1. How long do you want your new carpet to last?  5, 10, 15, 20 years?

  2. What is your level of foot-traffic in your home? Low, medium, moderate or heavy?

  3. How much carpet do you need to purchase?

  4. How much money do you have to spend on this project?

Learn more: What Carpet Style or Grade Should I Select?



Carpet Longevity?


How long do you want your new carpet to last? If your answer is 5 years or less than you don’t have to spend so much to get the job done. If you are planning to move soon or if you have small children and active pets, it would be wise to plan on replacing your carpet in about 5 years. This means spending less now and replacing your carpet more often as your children grow.


You can buy lower grades of carpet and have it installed with basic pad for less than $20 per square yard. If you are not picky about style and colors you could do it for about $15 if you buy from a local retailer who has rolls of carpet available in-stock and ready-to-go! These are often second-quality goods and can be a great deal if you choose wisely. Want to save more? How to choose Carpet Remnants.



Most homeowners want carpet to last 10 years


Spend more and your carpet will last longer. As long are you match your level of foot traffic with the number of years you want your carpet to last. If you want a certain style and color to match your décor then you might need to order your carpet from a carpet sample at a retail store. 


They will place your order directly with the manufacturer for the size, style, grade and color you choose. These carpets are first-quality goods, come with a full manufacturer's warranty. You will have to pay at least 50% down for it in advance, including shipping costs. Carpet and Padding Cost.



Carpet Shipping Delays and Increasing Cost


Truck full of CarpetRolls of Carpet ordered direct from mills located in Georgia take two to four weeks to arrive if you are in the west. That is assuming the carpet has already been manufactured. 


In the winter when roads are temporarily closed or impassible due to ice and snow it can take much longer for your carpet to arrive as truckers can only do so much when bad weather happens. 


Lately there have been problems with the supply chain and many carpet orders have been delayed by months. Shipping costs have increased significantly and will likely continue to rise through 2023.



Revise Your Carpet and Installation Budget

If you want more than 15 years of wear and tear from your new carpet you are going to have to pay more for a higher quality carpet. Prices for good quality carpet starts at about $50 per square yard ($5.50 per square foot) and goes up from there. The padding you select must match the quality of the carpet and be appropriate for the application. You also need to make sure the installers you hire are experienced with the grade and style of carpet you have selected.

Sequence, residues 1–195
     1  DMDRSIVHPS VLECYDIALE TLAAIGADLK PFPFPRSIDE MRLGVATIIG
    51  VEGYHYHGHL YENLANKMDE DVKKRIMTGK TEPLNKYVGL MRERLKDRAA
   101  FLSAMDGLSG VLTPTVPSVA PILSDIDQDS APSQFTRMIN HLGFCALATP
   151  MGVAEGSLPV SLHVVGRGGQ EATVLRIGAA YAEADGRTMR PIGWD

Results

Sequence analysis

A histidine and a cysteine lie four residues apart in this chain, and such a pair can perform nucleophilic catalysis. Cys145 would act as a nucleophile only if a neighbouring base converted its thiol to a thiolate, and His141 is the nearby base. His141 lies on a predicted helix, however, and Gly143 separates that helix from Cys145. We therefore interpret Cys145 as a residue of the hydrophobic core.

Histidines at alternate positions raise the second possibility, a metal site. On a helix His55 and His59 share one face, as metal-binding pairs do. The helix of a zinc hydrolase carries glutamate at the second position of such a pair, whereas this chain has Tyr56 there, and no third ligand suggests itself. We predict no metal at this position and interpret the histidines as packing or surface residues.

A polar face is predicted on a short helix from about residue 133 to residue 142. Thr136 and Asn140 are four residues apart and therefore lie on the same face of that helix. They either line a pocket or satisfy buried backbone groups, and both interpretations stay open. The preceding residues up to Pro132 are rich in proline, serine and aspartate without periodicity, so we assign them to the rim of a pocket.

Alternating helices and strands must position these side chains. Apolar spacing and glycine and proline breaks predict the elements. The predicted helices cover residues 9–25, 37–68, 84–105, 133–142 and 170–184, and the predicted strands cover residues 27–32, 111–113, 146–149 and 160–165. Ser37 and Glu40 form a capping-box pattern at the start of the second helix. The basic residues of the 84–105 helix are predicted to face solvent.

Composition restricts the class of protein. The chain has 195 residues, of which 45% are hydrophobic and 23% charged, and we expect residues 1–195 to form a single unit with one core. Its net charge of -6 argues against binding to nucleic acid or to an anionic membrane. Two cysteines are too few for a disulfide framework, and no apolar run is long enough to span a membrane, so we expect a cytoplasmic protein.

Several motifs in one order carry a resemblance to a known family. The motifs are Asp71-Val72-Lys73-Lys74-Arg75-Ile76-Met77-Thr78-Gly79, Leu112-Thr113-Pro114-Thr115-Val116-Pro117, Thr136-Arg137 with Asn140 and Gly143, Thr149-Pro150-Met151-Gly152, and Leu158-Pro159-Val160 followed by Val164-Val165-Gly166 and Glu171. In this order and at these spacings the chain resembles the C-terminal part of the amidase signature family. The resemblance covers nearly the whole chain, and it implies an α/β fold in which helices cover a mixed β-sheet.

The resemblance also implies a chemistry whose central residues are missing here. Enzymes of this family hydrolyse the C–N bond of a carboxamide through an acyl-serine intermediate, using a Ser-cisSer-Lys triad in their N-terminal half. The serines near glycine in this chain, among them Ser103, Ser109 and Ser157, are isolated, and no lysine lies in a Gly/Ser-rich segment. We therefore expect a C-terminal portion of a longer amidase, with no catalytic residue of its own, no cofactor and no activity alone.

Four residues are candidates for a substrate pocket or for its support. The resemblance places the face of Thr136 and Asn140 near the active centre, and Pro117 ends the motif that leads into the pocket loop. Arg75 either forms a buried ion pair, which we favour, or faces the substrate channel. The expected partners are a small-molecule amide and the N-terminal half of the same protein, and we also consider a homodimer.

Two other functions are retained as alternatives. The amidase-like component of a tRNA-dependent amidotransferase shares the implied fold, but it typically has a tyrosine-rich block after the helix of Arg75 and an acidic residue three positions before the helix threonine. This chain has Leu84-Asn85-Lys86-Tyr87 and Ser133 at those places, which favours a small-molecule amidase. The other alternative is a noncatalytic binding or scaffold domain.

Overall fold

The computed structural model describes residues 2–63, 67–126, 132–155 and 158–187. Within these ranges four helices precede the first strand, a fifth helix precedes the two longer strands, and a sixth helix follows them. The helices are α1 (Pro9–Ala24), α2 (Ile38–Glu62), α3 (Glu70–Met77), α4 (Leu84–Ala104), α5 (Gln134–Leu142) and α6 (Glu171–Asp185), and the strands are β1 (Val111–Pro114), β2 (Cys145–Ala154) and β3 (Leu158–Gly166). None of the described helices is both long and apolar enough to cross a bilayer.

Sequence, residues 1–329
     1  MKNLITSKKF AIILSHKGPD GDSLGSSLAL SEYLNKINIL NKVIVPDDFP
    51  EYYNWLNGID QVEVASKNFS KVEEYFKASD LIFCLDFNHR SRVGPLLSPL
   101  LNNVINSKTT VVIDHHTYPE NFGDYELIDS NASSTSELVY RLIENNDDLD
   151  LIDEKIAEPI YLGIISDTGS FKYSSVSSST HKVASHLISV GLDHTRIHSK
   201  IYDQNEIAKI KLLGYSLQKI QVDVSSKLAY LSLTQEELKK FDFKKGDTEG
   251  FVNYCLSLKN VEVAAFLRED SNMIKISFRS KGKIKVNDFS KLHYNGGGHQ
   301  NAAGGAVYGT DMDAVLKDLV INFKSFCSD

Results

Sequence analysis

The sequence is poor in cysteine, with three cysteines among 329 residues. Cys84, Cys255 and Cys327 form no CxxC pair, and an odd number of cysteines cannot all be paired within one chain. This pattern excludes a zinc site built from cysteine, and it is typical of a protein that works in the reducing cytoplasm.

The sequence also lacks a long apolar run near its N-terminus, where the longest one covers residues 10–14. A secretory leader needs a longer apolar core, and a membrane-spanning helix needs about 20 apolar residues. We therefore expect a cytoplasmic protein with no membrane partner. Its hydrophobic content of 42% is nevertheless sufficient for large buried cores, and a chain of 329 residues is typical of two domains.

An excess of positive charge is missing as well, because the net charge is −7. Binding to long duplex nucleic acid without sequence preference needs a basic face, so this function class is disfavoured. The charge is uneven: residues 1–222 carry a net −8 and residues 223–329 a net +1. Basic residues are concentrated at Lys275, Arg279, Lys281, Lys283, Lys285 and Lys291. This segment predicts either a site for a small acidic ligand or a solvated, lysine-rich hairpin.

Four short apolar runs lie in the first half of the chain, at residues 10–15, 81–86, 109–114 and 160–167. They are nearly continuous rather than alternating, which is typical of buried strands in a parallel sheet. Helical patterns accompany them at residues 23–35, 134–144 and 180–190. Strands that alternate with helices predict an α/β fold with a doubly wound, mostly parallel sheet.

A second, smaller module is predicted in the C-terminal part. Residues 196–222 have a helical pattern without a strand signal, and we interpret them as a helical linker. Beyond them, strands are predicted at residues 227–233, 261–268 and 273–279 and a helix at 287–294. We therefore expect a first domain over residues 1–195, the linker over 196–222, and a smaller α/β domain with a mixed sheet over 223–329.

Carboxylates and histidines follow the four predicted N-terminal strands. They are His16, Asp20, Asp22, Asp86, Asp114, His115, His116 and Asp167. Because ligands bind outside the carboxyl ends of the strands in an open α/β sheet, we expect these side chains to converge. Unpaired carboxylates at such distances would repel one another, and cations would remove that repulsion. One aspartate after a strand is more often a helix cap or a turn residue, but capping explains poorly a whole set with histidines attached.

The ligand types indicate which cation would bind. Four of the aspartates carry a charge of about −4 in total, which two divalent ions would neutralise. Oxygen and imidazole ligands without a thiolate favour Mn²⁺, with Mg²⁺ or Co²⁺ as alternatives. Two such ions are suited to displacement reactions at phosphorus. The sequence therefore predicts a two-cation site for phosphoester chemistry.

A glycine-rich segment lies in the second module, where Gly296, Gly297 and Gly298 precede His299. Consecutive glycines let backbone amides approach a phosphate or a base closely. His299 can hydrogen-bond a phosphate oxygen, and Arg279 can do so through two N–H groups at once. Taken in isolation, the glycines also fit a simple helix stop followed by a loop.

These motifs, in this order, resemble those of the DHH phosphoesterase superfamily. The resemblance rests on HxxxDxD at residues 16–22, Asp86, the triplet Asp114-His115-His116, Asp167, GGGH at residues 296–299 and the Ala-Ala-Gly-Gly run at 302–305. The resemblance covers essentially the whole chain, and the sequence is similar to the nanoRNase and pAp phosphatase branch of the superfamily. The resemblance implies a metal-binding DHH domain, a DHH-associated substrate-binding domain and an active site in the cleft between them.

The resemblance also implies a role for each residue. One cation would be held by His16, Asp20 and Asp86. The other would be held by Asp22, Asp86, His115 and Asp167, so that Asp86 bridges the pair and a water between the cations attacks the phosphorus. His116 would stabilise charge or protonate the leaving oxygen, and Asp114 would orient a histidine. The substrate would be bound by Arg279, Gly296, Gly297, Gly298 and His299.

Most installers now charge more per square foot/yard for handling thick, heavy or high-end carpeting with a pattern match. These materials require extra time, effort and muscle to transport, handle, seam and trim. Expect added charges for wool carpeting and looped Berber styles too. 


The increased installation cost varies depending on the amount of extra time and effort required to complete the job. Get installation quotes before you make your final selection to make sure you know what the final installation costs will be.


Learn more How To Find a Qualified Carpet Installer



Q. Should I Choose a Commercial Grade Carpet for my Stairs?


Commercial Grade CarpetMost folks prefer to use the same grade, color and style of carpet throughout their entire home. However, there is no reason why you have to! You can install a higher grade of carpet on your stairs to make them last years longer. There are many colors, styles and quality levels to choose from with commercial-grade carpets.

Choosing a commercial grade carpet could be a wise choice for your stairs, especially if you have heavy foot traffic. Commercial grade carpets have a shorter pile-height and the tufts are much more densely packed than residential grade carpet styles. The result is a carpet that can take a real beating and hold up extremely well.





Commercial carpet is what they typically use in banks, movie theaters, office buildings and airports. It is because it will tolerate heavy foot traffic, resist stains and clean easily. It can be installed with or without a pad. The thickness and density of the pad required will depend on the type and style of the commercial carpet you select. Usually 1/4" thickness and a density of at least 128 ounces (8-pound). 



Commercial Grade Styles


When choosing a commercial carpet you can consider carpets made with Polypropylene, Olefin, PET Polyester or Nylon and still enjoy excellent results for your high-traffic stairs. With commercial carpet, the carpet pile is manufactured more dense and has a lower pile-height which allows these carpets to be extremely durable even in heavy foot-traffic applications. 


I don’t generally recommend choosing Looped Berber or any Level-Loop styles for your stairs because of the high chance for snags. Cut-Pile or Plush styles would be a smarter choice for residential stairs.


Residential-grade carpet and pads are designed to be softer underfoot and be more suited to those homeowners who desire a carpet that is soft and plush. However, the softer a carpet is, the less durable the carpet will be. This is because the strand is extruded thinner to increase softness. Homeowners who choose a softer style of carpet often find it does not last as long as anticipated or tolerate heavy foot-traffic.



Learn more: 




About The Carpet Professor:

Looking to buy new carpeting but feeling overwhelmed by all the choices, options and potential scams? The Carpet Professor's website is a free unbiased carpet information resource and buying guide for consumers. Alan Fletcher is a retired 30-year industry expert and consumer advocate. He maintains a special hand-picked list of locally-owned carpet and flooring stores to recommend to his readers.